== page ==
Scott Lussier, 15, doesn’t play videogames. He’s a jock from Virginia. He’s a forward on Brentsville High School’s basketball team. He’s a left linebacker in football there as well. Otherwise, he goes to school, studies and does homework like other kids his age. No, Scott doesn’t play videogames. Videogames are for “kids with pocket protectors.”

“Kids at school… they have no idea. I try to keep it from them,” Gandhi explains through the Xbox Live headset. “If you play videogames at my school you are a nerd, so I don’t try to tell anyone.” The only one from his school who knows is incredibleToad, whose team placed 24th at MLG DC.

For about two to four hours every night, however, Scott’s alter ego GandhiTheGreat takes over. Not only does Gandhi play videogames, but he does so quite well…especially Halo2. This is all backed by the fact that his team, VGA Legendz, placed fifth at MLG DC, fourth in MLG Houston, and 2nd at AGP DC.

Gandhi likens himself to the historical figure Gandhi in an amusing and characteristic way. “He was a completely nice guy like me,” Gandhi says. “But sometimes you gotta kill EVERYTHING!”

The team has always been him and Vash, 18, a local friend and former Halo: CE partner. At DC and Houston, the duo added Defy. Mack and Tsquared were the fourth teammate for each respective event. As VGA Legendz look to place in the money once again, they’ve penciled in McGavin for Orlando, and picked up Shockwav3 to round out the team.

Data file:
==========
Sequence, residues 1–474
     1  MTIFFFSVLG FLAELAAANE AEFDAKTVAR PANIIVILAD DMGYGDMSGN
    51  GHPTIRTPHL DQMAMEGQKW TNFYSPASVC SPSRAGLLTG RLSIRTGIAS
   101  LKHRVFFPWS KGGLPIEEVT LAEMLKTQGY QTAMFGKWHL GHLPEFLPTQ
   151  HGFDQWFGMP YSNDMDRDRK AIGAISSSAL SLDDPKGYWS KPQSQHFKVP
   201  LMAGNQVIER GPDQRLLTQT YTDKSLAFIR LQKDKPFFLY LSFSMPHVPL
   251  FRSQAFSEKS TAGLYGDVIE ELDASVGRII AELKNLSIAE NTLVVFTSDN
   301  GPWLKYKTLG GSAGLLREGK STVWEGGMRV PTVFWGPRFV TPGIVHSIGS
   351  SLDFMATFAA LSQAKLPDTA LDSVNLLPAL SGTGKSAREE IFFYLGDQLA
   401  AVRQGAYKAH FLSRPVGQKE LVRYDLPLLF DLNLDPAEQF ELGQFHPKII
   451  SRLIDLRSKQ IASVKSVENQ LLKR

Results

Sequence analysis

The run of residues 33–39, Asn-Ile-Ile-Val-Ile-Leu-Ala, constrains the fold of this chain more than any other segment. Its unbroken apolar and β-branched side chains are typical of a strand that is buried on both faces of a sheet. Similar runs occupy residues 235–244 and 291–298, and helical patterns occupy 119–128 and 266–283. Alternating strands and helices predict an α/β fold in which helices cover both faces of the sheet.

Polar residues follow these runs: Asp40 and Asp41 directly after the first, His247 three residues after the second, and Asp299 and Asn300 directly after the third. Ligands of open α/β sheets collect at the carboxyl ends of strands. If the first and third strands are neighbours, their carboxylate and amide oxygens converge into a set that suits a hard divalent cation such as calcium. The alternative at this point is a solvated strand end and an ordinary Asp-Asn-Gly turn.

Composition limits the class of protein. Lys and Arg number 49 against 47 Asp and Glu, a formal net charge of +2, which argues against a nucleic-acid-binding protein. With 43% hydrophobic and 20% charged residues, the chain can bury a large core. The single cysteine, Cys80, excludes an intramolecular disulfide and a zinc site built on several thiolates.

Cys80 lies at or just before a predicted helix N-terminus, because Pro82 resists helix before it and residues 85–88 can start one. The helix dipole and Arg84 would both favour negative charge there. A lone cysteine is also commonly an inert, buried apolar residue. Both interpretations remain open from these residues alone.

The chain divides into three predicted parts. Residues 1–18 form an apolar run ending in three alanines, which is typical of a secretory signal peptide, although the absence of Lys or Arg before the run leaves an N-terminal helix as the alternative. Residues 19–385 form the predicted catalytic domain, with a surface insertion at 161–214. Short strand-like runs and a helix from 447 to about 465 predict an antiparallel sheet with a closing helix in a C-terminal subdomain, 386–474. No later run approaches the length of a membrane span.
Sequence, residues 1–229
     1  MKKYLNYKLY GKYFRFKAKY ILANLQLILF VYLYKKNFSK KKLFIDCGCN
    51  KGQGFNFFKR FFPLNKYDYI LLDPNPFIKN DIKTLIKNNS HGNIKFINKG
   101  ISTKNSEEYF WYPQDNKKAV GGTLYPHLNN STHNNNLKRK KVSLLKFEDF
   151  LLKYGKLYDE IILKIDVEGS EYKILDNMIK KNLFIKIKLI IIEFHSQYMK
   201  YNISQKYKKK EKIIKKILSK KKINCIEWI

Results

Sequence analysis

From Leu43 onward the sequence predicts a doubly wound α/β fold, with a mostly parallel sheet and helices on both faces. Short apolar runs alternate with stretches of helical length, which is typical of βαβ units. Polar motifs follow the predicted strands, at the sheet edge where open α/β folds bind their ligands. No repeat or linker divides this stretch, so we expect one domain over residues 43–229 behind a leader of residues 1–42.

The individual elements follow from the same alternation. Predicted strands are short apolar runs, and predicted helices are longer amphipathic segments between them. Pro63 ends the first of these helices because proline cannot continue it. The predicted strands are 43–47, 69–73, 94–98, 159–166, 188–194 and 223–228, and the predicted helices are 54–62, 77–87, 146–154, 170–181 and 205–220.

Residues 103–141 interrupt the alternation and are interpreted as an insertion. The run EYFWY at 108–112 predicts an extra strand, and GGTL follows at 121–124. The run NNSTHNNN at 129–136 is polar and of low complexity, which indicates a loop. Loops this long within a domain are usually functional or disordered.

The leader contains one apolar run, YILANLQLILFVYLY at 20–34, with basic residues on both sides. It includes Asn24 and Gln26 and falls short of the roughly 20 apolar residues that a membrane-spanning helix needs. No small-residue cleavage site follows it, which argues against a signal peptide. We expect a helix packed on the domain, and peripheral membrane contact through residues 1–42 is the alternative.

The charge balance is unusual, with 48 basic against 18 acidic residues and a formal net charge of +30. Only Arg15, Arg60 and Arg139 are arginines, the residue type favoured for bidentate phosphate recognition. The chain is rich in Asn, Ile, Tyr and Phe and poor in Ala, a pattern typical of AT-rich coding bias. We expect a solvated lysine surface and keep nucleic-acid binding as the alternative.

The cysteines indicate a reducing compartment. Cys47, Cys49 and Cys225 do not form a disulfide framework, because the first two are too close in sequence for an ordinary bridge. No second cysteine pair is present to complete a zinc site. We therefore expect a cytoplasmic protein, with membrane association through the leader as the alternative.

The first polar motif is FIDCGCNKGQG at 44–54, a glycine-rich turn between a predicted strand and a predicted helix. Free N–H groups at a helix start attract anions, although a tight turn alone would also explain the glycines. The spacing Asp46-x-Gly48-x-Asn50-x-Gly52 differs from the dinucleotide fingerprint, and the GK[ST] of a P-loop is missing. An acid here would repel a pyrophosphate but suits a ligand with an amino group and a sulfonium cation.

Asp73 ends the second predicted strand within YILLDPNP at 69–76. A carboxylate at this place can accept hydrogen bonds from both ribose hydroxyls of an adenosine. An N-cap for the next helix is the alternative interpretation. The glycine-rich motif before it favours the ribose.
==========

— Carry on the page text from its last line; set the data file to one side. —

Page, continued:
While some heard rumors of a Str8 Legendz hybrid-squad competing in Orlando, the team never materialized. “It’s a cool name,” Gandhi agrees. “But I dunno. Can’t give up the VGA [LAN center] as a sponsor. Plus with McGavin’s sponsor IGameSpot, almost everything is paid for.”

That McGavin, someone who’s openly criticized Str8 Rippin, found his way onto this squad isn’t shocking to Gandhi. Of the rivalry and the hostility, Gandhi says, “I have no idea why. I think it’s kinda funny though. I like rivalries in games. It definitely adds to the competitive nature.”

Gandhi likens himself to the historical figure Gandhi in an amusing and characteristic way. “He was a completely nice guy like me,” Gandhi says. “But sometimes you gotta kill EVERYTHING!” This Gandhi kills everything with a trademark strafing maneuver known as the “Gandhi Hop,” and it’s often executed with a smile, a chuckle and a lot of “OHHHH GOD.”

“In the middle of my strafe I’ll jump up and start crouching and my head bobs up and down,” Gandhi reveals of his trademark move. “It just throws off their shot, throws off their aim. I don’t know how but it does. It definitely helps in up-close battles because I’m all over the place.”

“If they get the first shot on me,” Gandhi adds. “I can strafe a little bit. Let them take another shot. I’ll crouch and jump, and they’ll miss two shots. And I’ll win… some of the time.”

He won quite a few of those 1v1 battles en route to a third-place finish in the Free for All seeding rounds at MLG Houston. He notes with surprise, “I didn’t think I’d ever take top four in finals FFA. I’m so bad at FFA.” Sure you are, Gandhi.

Gandhi might owe his recent FFA success to frequent games of his own brand of Juggernaut, “Ninja Pac.” It’s basically the most jacked-up Juggernaut possible. “You are God,” Gandhi says, in way of explanation. Just picture the Hop on crack. Despite whatever bizarre goof-off gametypes Gandhi plays in his spare time, there’s no doubt that he’s all business come tournament time. So look out for the15 year-old jock with the outrageously curly hair at the next event because he’s definitely out to kill you, but his good-natured grin and enthusiasm will make it hard to stay mad for long. Good luck keeping your “nerdy” career as a pro Halo player a secret now, Gandhi…